If you’re interested in traveling across the country, one of the best decisions you can make these days is buying a travel trailer. Recreational vehicles free you from having to stay in a hotel and let you bring the comforts of home with you wherever your journey takes you.
Out of the many RV options available to you such as campervans, fifth wheels, and Class A motorhomes, travel trailers offer you a lot of convenience at a fraction of the cost. If you already have a truck or SUV capable of towing, then you can avoid having to buy another motorized vehicle, which can be more expensive to buy, maintain, and insure. Instead, you can just hitch the trailer to the back of your car, pack it up with all the food, drinks, and entertainment you need, and hit the open road.
An insurance policy on a travel trailer should have a very reasonable cost— usually ranging between $250 and $500 per year. The exact cost can vary depending on a variety of factors, which we’ll cover in this article.
Here’s what insurance companies will look at to determine how much your rig will cost to insure.
The first thing that will influence your travel trailer insurance cost is your level of coverage.
There are many different personal coverage options available for travel trailer owners. As a general rule of thumb, the more coverages you add, the higher the annual cost of insuring your RV will be.
The most basic and least expensive insurance option for your travel trailer is liability coverage. A liability policy protects you in the event that you are at fault in any sort of accident. A claim will pay the victim for any damages caused to their property (be it their car, home, RV, or other possessions such as boats) or any medical expenses accrued due to injuries you caused them.
Many auto insurance policies include liability protection on any towed items, including a travel trailer. So before purchasing additional liability insurance, check your auto policy to see if it is already covered.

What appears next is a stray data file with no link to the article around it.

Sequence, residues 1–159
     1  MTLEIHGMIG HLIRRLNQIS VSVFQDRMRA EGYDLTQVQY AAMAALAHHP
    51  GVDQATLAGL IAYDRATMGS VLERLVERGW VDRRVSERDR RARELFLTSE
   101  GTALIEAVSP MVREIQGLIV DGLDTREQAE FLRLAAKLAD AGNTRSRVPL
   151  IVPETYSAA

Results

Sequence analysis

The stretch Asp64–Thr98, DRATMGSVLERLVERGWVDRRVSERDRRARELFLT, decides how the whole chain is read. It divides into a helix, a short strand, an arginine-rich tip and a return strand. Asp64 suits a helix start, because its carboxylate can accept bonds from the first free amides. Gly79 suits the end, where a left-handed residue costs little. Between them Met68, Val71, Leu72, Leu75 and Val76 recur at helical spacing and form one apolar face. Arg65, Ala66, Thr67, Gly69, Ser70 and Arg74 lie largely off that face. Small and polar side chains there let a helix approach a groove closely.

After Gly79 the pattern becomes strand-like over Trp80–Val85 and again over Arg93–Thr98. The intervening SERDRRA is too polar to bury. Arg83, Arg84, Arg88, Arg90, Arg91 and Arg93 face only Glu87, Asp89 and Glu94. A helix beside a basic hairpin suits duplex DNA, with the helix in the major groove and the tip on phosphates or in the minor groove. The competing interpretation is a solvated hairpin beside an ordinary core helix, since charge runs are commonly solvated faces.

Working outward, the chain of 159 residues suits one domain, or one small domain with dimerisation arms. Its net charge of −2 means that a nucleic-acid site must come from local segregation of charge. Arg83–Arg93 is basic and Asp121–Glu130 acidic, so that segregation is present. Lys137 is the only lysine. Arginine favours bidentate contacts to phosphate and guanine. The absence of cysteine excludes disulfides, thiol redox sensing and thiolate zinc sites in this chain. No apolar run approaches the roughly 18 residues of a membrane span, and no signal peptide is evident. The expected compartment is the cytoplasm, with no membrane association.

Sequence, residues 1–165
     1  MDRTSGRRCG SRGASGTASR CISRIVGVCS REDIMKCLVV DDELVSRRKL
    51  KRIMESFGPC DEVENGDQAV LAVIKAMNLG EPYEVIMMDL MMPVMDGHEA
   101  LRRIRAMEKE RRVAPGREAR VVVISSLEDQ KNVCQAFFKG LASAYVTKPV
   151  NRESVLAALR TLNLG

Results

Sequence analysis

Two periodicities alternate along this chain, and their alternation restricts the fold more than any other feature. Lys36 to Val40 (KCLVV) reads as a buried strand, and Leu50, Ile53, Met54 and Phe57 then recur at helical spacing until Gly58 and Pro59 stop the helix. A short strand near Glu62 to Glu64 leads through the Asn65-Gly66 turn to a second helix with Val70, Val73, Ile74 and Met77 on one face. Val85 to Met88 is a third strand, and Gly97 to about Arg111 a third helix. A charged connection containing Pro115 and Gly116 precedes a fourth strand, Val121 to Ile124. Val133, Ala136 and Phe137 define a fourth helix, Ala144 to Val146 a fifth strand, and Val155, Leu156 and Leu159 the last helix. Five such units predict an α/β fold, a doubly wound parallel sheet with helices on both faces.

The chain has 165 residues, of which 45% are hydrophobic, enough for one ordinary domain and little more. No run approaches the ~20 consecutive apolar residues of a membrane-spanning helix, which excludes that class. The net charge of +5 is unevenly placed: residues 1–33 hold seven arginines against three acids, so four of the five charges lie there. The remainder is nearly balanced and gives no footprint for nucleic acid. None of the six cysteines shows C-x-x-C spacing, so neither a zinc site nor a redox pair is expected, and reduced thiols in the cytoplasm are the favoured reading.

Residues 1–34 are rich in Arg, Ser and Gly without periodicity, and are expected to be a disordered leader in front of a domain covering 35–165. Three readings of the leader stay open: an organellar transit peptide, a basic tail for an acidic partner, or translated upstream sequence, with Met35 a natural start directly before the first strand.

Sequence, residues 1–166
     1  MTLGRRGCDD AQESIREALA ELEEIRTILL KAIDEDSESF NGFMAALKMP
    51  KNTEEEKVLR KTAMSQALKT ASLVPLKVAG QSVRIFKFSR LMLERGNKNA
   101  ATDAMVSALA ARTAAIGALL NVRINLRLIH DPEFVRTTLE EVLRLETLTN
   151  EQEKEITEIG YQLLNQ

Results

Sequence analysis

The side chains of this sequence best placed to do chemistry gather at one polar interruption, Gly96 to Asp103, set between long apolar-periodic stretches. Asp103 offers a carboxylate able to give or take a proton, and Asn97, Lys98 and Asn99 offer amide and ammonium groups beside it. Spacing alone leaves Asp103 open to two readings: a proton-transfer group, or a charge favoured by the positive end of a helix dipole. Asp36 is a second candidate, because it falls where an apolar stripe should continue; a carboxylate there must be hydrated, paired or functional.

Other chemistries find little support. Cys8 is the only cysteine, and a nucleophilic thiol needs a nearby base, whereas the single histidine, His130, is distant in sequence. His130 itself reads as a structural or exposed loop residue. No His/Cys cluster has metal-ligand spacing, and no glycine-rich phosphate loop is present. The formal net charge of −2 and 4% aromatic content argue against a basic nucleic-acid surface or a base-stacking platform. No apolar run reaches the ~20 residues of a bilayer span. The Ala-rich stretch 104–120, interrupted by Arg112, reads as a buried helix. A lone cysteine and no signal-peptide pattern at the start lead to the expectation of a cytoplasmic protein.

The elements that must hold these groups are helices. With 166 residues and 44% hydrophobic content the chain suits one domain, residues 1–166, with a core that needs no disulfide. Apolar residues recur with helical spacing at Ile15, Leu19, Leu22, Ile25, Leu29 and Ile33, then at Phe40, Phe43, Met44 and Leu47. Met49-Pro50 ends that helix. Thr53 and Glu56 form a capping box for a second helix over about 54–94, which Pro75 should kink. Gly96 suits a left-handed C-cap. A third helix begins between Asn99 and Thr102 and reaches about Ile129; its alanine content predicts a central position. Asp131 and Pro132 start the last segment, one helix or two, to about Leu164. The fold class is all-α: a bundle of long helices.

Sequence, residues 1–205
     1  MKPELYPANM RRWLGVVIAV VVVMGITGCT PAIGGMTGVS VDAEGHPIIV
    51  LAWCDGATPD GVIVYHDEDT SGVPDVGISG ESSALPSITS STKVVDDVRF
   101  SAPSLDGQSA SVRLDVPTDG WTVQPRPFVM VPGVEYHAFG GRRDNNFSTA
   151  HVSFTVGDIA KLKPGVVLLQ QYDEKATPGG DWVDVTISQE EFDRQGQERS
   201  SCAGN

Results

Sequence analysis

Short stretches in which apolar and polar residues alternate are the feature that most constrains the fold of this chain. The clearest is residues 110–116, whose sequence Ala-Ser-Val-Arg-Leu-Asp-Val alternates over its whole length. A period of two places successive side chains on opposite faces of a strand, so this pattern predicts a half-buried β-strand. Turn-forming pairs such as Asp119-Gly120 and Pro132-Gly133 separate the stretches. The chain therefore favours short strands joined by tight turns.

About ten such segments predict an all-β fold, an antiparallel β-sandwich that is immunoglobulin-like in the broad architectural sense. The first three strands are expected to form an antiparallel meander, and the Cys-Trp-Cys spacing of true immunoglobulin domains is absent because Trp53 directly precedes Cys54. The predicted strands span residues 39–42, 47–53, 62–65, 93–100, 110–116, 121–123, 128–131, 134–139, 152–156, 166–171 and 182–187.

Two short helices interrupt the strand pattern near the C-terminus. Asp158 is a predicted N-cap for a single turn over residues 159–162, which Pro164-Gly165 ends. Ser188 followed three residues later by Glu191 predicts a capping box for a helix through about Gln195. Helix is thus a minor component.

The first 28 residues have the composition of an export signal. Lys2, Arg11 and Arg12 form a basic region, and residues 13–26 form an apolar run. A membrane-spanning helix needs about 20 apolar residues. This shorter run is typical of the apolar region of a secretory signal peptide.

Comprehensive coverage insures your travel trailer against damages caused outside of collisions, such as hail, lightning, fallen trees, and flooding, or even theft and vandalism.
This one goes hand in hand with comprehensive coverage, covering you for damages your RV takes in a collision, with another vehicle or a stationary object, regardless of whether or not you are at fault for the collision.
Comprehensive and collision coverage are often only sold as a package deal, and if your RV is still under financing, the lender who holds the lien may require you to carry both of these insurance policies until you have paid it off. You can expect to pay significantly more for comprehensive and collision coverage than you would for liability protection alone.
In the event of an accident, you can buy coverage for medical payments for you and your passengers. Since passengers won’t be in the travel trailer while it is moving, this applies when the trailer is parked on campsites or rented property.
If you are involved in a collision where the other driver is at fault, but they are either driving without liability insurance or their policy cannot pay for all the damages caused, then this policy will make sure that damages and medical bills are still paid for.
Say you lose two tires to poorly maintained roads or an axle blows while you’re driving. Roadside assistance from RV insurance will pay to have your trailer towed to the shop, or even on-the-spot repairs if they are doable.
Some policies only provide roadside assistance for the trailer itself, while others will also cover the vehicle you use to tow the trailer with support such as jumping dead batteries or bringing you fuel if you run out.